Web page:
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Thee Sheffield Phonographic Corporation interview

Interview for Sheffield’s Sandman Magazine.

So here’s Sandman, sitting in a quaint Victorian garden, unhassled by the ravages of time, sipping fresh ginger beer and daintily nibbling cucumber sandwiches with Thee Sheffield Phonographic Corporation.

The Reverend sits at the head of the group, cherub-like, flanked by his servant Tiffin the Tea Boy, and the delectable Missy Tassles. Thee SPC’s other founder, The Baron, is, perhaps thankfully due to his military reputation and penchant for pointy Kaiser headwear, missing from the picnic.

Ok, so they’re not really real Victorians, believe it or not, but this comedically quaint record label has been putting out gloriously hued and very collectable seven inch records. The Reverend can also be found in not very godly-named Motherfuckers, and the Baron and Tiffin bear a passing resemblance to certain members of Chuck.

“Me and The Baron formed the label to put records out by our two bands, we thought the best way of doing it, rather than hawking demos round some trendy London labels, is start your own. So we saved all our pocket money in our Victorian style piggy banks and put out records. And then thought, there’s other bands in Sheffield, I wish we could put more records out, and started to put more records out. At which point we needed someone to help with artwork, that would be Missy, and someone to send the stuff out and make the tea. That would be Tiffin.”

“I initially started doing it as favours,” explains Missy, “and when it started to become more favours and more time consuming then all of a sudden it was three weeks doing the artwork for Box of Odd. Then it was like, hang on a minute, this is a lot of favours. I may as well get a lot more involved in this.”

“The thing is none of us get anything out of it,” sighs The Reverend. “Why the hell do we do it?” Luckily Tiffin’s on hand to explain, between pouring our beverages.

“We love the music,” he says, “and we love the art of it as well. I love the fact we’ve got these beautiful artefacts. I think it’s very important in this download digital age that we’re still making physical, tangible products, it’s not just ‘download SPC stuff from some boring website’”.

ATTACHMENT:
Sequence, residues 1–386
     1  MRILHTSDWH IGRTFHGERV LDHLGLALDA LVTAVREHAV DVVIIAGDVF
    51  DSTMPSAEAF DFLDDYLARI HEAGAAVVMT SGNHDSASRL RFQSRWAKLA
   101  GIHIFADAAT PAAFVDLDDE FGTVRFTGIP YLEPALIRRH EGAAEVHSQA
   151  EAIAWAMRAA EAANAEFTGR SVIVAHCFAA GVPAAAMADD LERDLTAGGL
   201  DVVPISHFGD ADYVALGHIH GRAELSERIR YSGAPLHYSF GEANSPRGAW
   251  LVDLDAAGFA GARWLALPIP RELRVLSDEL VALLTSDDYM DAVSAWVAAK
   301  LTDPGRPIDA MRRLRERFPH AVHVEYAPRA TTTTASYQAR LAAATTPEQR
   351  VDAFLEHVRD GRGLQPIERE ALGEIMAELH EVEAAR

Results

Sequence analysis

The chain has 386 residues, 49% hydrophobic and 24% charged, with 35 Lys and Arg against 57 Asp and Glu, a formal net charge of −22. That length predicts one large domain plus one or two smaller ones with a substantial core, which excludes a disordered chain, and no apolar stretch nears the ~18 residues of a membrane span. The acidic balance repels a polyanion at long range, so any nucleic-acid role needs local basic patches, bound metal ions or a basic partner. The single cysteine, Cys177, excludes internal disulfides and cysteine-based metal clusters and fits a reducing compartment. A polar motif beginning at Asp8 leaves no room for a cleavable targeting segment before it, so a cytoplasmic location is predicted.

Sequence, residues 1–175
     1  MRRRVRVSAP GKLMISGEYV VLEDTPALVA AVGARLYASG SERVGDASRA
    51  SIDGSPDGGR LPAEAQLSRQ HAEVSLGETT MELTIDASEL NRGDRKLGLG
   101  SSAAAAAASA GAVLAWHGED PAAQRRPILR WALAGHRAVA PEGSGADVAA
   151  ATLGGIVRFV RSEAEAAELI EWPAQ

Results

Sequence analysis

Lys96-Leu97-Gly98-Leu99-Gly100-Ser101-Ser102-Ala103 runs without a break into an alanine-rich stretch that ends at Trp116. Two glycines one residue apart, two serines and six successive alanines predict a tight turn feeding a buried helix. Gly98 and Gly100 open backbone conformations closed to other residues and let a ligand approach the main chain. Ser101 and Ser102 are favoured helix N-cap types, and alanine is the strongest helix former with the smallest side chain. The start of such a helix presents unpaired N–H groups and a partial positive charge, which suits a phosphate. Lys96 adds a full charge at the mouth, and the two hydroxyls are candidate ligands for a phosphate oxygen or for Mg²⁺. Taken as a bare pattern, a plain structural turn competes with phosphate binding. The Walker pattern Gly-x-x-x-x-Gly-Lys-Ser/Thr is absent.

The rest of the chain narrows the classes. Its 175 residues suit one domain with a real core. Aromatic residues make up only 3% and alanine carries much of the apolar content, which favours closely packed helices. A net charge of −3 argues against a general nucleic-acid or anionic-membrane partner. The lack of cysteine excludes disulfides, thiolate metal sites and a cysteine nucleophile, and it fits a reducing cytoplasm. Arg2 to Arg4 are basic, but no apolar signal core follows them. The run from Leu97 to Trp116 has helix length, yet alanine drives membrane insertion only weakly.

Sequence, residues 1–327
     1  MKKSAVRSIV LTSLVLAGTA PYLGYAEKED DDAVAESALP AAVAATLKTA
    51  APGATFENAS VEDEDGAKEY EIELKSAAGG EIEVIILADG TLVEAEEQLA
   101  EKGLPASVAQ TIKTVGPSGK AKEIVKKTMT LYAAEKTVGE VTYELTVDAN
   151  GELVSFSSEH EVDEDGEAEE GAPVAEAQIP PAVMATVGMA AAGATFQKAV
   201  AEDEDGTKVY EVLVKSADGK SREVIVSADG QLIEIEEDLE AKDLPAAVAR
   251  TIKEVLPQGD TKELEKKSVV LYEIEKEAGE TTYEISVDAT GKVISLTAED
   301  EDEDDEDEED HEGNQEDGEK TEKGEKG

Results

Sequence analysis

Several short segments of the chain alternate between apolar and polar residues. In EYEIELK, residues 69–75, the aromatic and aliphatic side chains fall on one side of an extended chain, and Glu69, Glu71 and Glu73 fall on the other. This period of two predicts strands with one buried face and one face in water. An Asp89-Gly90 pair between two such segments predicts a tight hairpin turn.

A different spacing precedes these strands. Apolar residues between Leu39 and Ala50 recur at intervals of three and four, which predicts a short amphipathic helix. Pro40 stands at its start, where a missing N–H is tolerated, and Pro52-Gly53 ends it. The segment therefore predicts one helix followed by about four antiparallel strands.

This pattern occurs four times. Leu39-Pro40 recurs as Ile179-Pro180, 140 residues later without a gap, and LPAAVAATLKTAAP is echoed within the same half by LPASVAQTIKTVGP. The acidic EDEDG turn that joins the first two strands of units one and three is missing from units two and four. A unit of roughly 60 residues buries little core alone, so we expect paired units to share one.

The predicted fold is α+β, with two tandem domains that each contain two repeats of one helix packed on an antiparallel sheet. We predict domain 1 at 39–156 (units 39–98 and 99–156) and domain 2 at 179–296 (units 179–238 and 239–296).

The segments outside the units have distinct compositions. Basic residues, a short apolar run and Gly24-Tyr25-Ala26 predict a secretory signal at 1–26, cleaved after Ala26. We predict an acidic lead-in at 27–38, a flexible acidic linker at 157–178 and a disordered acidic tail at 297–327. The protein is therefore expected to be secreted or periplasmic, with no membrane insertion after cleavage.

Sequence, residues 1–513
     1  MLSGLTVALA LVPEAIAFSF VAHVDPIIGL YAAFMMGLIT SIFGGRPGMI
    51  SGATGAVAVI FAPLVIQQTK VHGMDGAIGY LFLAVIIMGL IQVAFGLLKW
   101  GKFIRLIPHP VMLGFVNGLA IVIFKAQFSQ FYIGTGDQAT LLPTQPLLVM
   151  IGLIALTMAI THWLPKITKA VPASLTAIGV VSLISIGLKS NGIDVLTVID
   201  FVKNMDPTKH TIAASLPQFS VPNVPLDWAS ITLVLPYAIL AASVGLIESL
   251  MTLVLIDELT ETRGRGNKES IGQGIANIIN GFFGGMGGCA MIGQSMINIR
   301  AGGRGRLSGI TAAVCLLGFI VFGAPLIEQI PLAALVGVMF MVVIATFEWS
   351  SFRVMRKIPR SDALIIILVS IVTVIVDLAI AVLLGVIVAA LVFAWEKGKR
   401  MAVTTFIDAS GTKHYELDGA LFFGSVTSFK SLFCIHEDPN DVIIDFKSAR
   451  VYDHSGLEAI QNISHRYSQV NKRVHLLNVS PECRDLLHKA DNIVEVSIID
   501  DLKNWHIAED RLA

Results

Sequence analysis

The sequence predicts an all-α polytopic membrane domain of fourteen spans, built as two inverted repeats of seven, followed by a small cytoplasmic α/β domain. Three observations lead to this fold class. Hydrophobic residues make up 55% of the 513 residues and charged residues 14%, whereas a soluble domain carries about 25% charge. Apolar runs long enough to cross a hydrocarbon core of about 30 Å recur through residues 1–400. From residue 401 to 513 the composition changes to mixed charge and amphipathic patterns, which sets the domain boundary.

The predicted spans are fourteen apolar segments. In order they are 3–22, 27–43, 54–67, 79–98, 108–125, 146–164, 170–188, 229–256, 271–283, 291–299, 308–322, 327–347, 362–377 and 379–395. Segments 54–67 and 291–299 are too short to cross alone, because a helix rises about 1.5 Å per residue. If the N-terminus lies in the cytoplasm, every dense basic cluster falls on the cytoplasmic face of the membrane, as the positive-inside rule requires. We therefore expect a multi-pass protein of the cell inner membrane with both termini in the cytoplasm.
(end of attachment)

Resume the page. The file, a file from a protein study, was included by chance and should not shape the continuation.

“It’s a whole package,” says Missy. “It’s not just the songs, it’s not just the artwork, it’s the fact that everything about it’s nice, and you want to own it, and you can tell where it’s come from too.”

“The music’s really good as well, but it’s not just the music,” says The Reverend. “There’s something else about it. They’re just beautiful artefacts, and you want to lick them all over.”

And beautiful artefacts they are, extra thick slabs of pure Czech vinyl, coloured thematically with the songs and slipped into simple but attractive SPC sleeves.

The first release was the impressively non-chart-friendly ‘I’m a Fucker’ by the Motherfuckers, a slice of sleazy garage rock that sounded like the depths of the Nevada desert on Hallowe’en.

“‘I’m a Fucker’ by the Motherfuckers,” reflects The Reverend, modestly, “the best goddamn record ever made by anyone in the history of the whole Victorian music scene.”

“I like the way it’s only one-sided,” says Tiffin.
“Yeah,” says Missy. “Great value for money…”

“It was supposed to be the only thing that was going to be released,” says The Reverend. “We knew no-one would touch it, and we decided to release one song which was the most offensive song in the whole world, and send it off to the Daily Mail. Press ten copies, send it off to the Daily Mail, the Daily Express, and they’d have a big ‘must we throw this filth at our kids’ furore and get the band famous off the back of it. And then we got greedy and made 500 copies, most of which are languishing under my dining room table.”

Following on from that was Chuck’s turn, with the classic arm-waving anthem ‘No Not Ah’, probably the least obvious, but most inspired, choice of a single ever. A sparse series of ‘aaahs’ followed by frantic surf guitar, it’s inspired its own dance in Sheffield’s indie clubs. The band have even been spotted dancing to it themselves, the cheeky scamps.